Building up self-worth is possible.

In the early stages, I kept a folder with all my achievements. This included when the Art Director praised my copywriting skills, when my training participants praised my fun sessions, when clients asked what other sessions I conducted, etc.

Each time my self-worth plunged, I would take out the folder.

Today, when I do something right, I give myself a pat on the back. It can be something small or a major achievement. I celebrate it all and give myself the credit I deserve.

I no longer wait for the outside world to approve me, my work or my life.

  1. Work With My Body

Previously, when I tried to muster up the courage to speak, my body would take over. My cells would tremble and feel most uncomfortable.

Even if the mind had entered the room determined to speak, the body would spring into action. To stop me from speaking, it would scream, “NO! Take flight or freeze! Do anything but don’t open your mouth!”

You see, my cells contained the past. The past painful experiences and conditioning. I worked hard to release many of these using the various healing tools that I had picked up. It was an enriching process. With each session, a layer would come up including wounds from this lifetime and others. I healed and let go of many of them, for they no longer serve me.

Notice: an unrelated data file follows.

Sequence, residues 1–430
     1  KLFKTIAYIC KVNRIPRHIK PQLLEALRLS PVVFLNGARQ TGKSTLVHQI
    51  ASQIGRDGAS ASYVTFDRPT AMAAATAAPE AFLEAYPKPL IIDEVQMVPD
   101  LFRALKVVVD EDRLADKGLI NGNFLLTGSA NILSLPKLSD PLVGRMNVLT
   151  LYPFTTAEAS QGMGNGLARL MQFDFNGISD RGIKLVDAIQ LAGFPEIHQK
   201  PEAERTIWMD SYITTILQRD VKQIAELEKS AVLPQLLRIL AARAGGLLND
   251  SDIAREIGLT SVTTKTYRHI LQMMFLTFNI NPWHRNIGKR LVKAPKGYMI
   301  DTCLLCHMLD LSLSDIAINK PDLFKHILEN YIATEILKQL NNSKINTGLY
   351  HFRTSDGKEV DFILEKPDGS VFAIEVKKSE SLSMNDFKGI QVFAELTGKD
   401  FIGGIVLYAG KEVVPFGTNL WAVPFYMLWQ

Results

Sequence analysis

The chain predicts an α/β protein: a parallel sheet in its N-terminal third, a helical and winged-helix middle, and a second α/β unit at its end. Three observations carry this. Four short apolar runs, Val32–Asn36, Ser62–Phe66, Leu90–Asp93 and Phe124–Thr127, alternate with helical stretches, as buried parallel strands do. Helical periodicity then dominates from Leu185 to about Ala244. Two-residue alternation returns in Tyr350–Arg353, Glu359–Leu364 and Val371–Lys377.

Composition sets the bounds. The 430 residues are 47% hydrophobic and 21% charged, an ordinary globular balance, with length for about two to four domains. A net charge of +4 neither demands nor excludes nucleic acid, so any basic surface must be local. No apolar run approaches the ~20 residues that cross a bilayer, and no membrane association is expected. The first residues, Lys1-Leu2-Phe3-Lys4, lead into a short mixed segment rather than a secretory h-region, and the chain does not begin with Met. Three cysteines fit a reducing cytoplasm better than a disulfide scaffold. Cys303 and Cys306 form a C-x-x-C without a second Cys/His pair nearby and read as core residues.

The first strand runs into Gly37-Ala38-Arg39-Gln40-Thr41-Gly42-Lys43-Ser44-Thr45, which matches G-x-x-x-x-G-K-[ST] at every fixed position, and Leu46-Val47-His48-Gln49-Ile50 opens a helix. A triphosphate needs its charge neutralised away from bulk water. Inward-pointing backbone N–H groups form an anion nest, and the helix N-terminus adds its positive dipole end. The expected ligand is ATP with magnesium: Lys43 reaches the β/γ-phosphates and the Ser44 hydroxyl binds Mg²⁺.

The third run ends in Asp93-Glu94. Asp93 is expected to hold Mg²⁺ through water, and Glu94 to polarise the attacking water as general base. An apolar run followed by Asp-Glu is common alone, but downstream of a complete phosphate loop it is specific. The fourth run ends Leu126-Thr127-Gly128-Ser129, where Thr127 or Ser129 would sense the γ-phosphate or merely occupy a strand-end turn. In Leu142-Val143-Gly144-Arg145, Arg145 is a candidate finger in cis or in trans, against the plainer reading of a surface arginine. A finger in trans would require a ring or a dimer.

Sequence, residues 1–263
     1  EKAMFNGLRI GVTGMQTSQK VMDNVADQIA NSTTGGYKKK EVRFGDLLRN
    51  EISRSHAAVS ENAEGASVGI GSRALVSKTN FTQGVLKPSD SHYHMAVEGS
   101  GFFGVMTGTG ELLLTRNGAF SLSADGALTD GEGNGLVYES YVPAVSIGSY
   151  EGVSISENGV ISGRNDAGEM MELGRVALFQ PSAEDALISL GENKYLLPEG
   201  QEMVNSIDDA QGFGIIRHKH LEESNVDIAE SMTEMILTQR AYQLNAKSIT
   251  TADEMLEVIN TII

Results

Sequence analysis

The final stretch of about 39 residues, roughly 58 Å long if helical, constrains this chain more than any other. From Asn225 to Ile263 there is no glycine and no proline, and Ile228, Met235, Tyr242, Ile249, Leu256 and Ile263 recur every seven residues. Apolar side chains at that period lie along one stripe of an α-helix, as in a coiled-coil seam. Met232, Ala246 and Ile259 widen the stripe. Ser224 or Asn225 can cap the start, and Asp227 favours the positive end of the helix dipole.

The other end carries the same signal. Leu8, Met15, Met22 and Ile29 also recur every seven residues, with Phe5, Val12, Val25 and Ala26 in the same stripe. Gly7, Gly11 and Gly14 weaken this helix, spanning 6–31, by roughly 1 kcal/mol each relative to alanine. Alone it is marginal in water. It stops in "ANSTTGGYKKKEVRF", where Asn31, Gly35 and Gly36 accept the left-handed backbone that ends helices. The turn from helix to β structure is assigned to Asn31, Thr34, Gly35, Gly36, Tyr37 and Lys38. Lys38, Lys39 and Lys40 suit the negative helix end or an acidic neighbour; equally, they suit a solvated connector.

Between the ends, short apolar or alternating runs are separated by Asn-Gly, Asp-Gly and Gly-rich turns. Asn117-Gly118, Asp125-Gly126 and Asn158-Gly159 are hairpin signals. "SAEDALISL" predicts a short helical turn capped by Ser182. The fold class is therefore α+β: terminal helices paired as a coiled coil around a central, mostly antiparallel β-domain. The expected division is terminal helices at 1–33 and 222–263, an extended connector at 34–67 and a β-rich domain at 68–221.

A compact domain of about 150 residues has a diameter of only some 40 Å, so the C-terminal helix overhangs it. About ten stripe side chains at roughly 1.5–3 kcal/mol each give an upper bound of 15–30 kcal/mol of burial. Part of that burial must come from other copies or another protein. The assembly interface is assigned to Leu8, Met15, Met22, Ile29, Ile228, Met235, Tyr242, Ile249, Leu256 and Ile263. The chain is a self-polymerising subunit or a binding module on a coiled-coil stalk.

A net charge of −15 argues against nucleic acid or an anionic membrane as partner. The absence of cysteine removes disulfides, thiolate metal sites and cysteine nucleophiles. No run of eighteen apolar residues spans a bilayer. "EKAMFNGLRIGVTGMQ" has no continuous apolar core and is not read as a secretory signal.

If you should feel your body freezing when you need to speak, try taking deep breaths. Ask your cells what is going on. And release whatever that comes up. This should help you for starters.

Watch out though. When you feel that you have finally got the nerve to speak up, the universe may test you. If you don’t succeed, don’t worry. Keep building up your self-worth and confidence, whilst also releasing the past conditionings. Never give up.

Sheela Prabhakaran is a writer and trainer who has a keen interest in people and nature. Her career started out in publishing followed by many years in Corporate Communication. Over time she has reached out to people of all walks of life through copywriting, writing books and articles. Her training experience includes Business English and Communication. She has embarked on an exciting new spiritual journey which sees her exploring more ways to share ideas on leading a healthier and happier life. She can be reached at sheelaprabha@gmail.com